"Talent" was a word that people used to explain why good people got shafted. Sena hated that word. Most people who weren't naturally talented did, he thought. That made sense, didn't it?
"Talent" was something that some people, through luck or good genetics, or fate, or whatever it was seemed to get and use to remind Sena why he was the errand boy. Why if he told everyone that he was Eyeshield they wouldn't believe him. Talent was the reason he had to lie, had to keep secrets, and it was what he'd spent so many years running away from. He hated "talent".
He'd spent all evening training again, doing dashes and routes across the field. It was the same work he'd done the day before, and the day before that, and the day before that. Even though his head was swimming and his back throbbed and his knees ached, Sena still had to run home with his books. He'd forgotten his change of clothes that morning, and he knew the minute he got home his mother would start fussing over what happened and who bullied him and why he hadn't called. He glared down at his shoes and willed his legs to stop shaking, hauled his book-bag over his shoulder, and forced himself to run.
The one good thing about running was that usually, it made his mind empty. He didn't have to think about all the expectations people had of him - Hiruma and Mamori's diametrically opposing standards, his mother's smothering concern, his classmates' wholehearted belief that he was uselss when he wasn't wearing a mask and a jersey. If he'd been one of those lucky guys born with talent, he thought, just maybe his life would be a little different.
Halfway home, he stumbled and fell, tumbling over himself and over his bags down the embankment by the bridge. He skidded to a stop, new grass-stains working their way into his t-shirt. He was exhausted. He didn't want to move. He didn't want to think. He sure as hell didn't want to get up the next morning and deal with Hiruma first thing, then classes, then Mamori, then the same practice routine over again.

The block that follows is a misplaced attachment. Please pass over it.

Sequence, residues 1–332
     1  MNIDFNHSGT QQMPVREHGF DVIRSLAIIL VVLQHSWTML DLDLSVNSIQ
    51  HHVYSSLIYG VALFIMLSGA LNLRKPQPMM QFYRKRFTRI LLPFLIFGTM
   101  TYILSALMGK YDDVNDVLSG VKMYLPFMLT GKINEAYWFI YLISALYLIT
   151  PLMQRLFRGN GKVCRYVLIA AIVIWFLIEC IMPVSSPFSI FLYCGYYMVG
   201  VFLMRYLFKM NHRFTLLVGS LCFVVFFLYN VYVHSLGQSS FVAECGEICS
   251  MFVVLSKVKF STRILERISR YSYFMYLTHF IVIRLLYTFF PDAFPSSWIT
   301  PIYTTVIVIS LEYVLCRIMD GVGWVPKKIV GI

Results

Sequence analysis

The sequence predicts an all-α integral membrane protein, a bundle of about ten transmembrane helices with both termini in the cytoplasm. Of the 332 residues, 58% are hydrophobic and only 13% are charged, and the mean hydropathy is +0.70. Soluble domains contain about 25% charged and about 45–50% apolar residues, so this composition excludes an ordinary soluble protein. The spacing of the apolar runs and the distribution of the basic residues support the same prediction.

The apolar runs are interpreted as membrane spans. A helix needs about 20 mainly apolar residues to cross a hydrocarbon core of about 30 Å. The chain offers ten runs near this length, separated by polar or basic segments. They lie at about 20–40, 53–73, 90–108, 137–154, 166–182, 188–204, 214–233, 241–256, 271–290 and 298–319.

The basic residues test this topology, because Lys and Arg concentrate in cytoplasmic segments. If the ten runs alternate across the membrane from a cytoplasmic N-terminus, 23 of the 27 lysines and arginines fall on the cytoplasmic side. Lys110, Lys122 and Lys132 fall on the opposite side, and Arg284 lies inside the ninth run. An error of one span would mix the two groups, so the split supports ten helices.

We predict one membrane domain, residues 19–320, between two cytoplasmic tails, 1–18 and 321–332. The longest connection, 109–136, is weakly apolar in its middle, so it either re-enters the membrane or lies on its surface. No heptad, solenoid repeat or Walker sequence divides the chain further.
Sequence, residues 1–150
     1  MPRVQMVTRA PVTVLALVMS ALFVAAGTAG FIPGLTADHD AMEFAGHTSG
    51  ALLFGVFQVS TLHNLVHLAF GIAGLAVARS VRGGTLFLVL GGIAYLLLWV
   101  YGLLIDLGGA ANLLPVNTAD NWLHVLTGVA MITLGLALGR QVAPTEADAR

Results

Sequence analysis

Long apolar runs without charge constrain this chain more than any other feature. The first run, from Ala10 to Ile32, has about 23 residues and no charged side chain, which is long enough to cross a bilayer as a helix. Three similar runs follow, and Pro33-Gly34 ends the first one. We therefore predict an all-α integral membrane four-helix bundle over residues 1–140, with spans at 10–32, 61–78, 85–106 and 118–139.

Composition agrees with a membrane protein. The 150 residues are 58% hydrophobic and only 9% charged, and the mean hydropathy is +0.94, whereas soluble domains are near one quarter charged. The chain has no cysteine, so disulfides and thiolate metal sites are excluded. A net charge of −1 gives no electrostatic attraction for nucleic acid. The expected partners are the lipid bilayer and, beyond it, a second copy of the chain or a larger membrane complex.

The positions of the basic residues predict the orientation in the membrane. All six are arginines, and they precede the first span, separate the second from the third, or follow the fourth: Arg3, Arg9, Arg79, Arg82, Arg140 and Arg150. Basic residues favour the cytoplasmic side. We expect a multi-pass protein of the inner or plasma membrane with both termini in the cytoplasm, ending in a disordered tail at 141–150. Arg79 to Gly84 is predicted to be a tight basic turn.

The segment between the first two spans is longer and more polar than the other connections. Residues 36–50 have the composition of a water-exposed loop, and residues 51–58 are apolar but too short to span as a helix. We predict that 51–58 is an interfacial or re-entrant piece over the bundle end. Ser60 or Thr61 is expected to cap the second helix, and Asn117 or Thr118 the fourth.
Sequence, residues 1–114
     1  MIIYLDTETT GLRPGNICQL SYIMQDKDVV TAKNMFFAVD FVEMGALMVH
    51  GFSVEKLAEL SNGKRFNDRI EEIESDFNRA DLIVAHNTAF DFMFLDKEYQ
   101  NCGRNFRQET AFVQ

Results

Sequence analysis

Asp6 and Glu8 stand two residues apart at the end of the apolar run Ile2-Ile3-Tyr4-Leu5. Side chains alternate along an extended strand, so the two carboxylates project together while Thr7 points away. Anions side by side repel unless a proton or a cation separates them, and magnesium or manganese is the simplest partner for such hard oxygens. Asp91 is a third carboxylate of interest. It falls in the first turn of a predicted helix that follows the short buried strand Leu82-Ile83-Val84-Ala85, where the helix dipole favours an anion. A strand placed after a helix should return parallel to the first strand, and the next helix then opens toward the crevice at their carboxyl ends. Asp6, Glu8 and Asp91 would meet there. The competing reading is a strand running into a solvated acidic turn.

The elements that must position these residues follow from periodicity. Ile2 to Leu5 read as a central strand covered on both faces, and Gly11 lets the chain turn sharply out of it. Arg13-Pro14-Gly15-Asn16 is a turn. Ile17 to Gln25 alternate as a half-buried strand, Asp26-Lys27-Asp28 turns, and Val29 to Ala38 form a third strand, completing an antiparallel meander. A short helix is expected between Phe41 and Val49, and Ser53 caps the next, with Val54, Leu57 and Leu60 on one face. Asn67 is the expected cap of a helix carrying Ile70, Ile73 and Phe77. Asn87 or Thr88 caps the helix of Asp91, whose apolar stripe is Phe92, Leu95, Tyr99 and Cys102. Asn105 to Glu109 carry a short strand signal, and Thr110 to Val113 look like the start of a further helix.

If he were a guy with talent, he wouldn't have to train this way. If he weren't pretending to be an athlete, he wouldn't be in this mess. Sena, for all their success so far, still felt like he was miles behind the players he'd seen. He felt heat rising to his face, and his chest get tight, and Sena bit it back, angry at himself. "Work harder!" he told himself, grinding out the words. He didn't hear the footsteps on the path above him.
"Work," he said to himself again, "harder, damn it." He struggled against gravity and the weight of his bag and his own exhaustion, unsteadily forcing himself to his feet. "You don't have... talent, so you have to," he choked, and clenched his jaw. Sena told himself that he wouldn't cry. No matter how tired he was or how much it hurt, he'd told himself he was going to be a different person - a person who could show his face once he'd earned it, once he'd gotten good enough.
"Quit being lazy," he said, barely able to stand, even supporting himself hunched over with his hands on his knees. He wavered there. He knew that stopping was a bad idea - if he'd kept going, he'd have made it home and into the bath and the aches would've eased up. He'd have thought, in the tub, that it wasn't so bad to work hard.
The deep voice behind him made him nearly jump out of his skin.
"Working hard is difficult," Shin said, jogging in place on the grass at the edge of the hill's downward slope. That's why Sena hadn't heard him - running on green made it more like the turf.
Sena flung himself around, wide-eyed and pale. "Sh- Shin-san!" The heat was back in his face in a sudden rush - enough to make him dizzy - and he realized he was blushing. Of all the people to see him like this, pathetic and completely and utterly un-talented, why did it have to be Shin?
"I --" Sena started, and for an instant his brain fired panicked half-thoughts that made no sense. His brain wanted him to run, to bolt and head as fast as he could for somewhere hidden, so that he could curl up and pretend to have died of embarassment. He'd have done it, if he hadn't been so tired. He'd have done it, if he hadn't been so tired and Shin hadn't been blocking his way.